Let's say for whatever reason, I can not take the income deduction for traditional IRA contributions. Also, I am not eligible for a Roth IRA. Perhaps my MAGI is too high.

In this case, if I contribute to a traditional IRA:

  • I'll have paid regular income tax on the money I put in (since I can not deduct it), and
  • I'll pay tax on gains when I take distributions as regular income.

Compared to an ordinary taxable account, this seems like not a great deal, since it doesn't get the benefit of the lower tax rate on capital gains and qualified dividends that a taxable account would.

Is there some additional advantage to the traditional IRA when an income deduction can not be made that I'm overlooking?


3 Answers 3


The most common use of non-deductible Traditional IRA contributions these days, as JoeTaxpayer mentioned, is as an intermediate step in a "backdoor Roth IRA contribution" -- contribute to a Traditional IRA and then immediately convert it to a Roth IRA, which, if you had no previous pre-tax money in Traditional or other IRAs, is a tax-free process that achieves the same result as a regular Roth IRA contribution except that there are no income limits. (This is something you should consider since you are unable to directly contribute to a Roth IRA due to income limits.)

Also, I want to note that your comparison is only true assuming you are holding tax-efficient assets, ones where you get taxed once at the end when you take it out. If you are holding tax-inefficient assets, like an interest-bearing CD or bond or a stock that regularly produces dividends, in a taxable account you would be taxed many times on that earnings, and that would be much worse than with the non-deductible Traditional IRA, where you would only be taxed once at the end when you take it out.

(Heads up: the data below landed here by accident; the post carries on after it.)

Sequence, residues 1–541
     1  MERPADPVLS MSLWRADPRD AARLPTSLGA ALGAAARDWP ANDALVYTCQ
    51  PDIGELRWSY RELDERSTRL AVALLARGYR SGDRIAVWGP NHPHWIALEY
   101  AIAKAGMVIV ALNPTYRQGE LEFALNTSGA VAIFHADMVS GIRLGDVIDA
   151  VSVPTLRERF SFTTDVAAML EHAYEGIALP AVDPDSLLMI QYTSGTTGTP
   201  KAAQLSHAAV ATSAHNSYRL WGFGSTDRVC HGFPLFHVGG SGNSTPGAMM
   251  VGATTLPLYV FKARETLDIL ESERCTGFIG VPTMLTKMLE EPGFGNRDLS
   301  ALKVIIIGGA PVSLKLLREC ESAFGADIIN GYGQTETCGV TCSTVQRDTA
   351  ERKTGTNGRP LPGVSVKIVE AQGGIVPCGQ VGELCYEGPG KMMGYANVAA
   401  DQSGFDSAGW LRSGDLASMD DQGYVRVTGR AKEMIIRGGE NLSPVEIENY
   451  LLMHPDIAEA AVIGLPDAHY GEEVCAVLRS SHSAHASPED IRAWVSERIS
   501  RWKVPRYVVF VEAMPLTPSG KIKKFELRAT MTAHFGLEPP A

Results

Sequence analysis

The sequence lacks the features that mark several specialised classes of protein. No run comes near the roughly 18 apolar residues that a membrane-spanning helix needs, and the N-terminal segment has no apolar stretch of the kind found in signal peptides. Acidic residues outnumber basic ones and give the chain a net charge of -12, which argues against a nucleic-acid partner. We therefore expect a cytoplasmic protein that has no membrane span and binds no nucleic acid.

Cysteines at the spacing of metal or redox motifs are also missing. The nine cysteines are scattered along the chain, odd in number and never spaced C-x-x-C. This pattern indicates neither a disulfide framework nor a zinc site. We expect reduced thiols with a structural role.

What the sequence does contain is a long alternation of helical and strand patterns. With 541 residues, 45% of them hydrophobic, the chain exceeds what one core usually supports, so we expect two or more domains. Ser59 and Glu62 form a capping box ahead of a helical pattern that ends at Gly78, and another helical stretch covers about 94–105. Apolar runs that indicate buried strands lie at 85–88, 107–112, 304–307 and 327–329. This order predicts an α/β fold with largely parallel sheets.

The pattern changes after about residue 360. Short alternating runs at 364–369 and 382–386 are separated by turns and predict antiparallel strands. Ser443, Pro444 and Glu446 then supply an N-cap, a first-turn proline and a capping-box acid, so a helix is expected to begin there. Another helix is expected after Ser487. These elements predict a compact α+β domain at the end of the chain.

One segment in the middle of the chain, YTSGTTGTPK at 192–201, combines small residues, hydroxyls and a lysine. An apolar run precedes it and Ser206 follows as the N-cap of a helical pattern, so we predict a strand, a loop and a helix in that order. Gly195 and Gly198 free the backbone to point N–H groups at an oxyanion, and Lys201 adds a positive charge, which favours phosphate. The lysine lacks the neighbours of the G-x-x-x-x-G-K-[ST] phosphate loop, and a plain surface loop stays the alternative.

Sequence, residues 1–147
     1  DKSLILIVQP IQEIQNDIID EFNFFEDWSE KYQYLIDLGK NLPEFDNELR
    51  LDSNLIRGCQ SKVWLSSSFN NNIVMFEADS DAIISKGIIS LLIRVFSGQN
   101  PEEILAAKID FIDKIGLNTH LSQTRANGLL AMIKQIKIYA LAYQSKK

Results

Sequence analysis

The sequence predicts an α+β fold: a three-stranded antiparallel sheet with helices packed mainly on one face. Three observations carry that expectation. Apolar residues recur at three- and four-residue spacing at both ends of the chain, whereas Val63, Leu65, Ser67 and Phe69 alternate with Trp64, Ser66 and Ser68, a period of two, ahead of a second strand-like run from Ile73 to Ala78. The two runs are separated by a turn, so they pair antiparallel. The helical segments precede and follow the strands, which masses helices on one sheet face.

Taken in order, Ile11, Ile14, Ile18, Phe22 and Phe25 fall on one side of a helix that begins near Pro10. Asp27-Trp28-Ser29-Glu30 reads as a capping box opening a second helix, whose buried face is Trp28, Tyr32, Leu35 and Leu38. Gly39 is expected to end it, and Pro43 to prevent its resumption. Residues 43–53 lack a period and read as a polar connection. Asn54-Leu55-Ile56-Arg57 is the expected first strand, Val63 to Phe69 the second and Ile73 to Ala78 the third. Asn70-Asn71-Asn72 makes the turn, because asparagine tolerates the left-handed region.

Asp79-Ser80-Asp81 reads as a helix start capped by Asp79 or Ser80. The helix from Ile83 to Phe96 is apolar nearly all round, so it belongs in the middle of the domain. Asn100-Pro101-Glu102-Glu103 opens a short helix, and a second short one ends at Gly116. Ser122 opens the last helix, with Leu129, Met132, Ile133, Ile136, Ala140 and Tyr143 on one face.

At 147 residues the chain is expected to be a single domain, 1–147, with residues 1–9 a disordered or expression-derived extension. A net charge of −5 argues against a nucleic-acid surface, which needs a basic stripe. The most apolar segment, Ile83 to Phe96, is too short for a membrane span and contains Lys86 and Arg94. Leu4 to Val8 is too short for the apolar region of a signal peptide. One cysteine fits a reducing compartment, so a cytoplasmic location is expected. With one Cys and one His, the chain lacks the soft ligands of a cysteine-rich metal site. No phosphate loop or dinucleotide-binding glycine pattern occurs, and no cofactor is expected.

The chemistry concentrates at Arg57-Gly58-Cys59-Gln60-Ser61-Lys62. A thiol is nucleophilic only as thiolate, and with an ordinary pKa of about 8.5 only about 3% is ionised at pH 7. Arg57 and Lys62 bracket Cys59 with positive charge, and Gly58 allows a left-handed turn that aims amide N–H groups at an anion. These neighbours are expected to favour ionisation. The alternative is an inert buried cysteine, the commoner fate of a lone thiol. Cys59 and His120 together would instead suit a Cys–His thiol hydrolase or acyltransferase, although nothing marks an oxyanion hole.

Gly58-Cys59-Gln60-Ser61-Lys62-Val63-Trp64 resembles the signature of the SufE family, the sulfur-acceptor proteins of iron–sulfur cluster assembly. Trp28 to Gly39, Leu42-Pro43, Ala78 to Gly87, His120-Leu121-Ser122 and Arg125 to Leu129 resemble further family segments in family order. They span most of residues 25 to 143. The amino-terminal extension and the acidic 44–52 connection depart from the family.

The simplest answer is that you can convert the IRA to a Roth, and since it was already taxed, pay no tax on conversion.

If, in your hypothetical situation, you happen to have an IRA already in place, you are subject to pro-rata rules on conversions, e.g. your balance is total $40K, $10K 'not deducted', a conversion is 75% taxed, convert $20K and the tax is on $15K of that money. But, there also might be a time when you are able to transfer IRA money into a 401(k), effectively removing the pretax deposits, and leaving just post tax money for a free conversion.


This is ideal placement for your allocation to income investments or those with nonqualified dividends: bonds, REITS, MLPS, other partnerships, and so forth. These are all taxed at income rate, generally throw off more income than capital gains, so you get the deferment without losing the cap gains rate.

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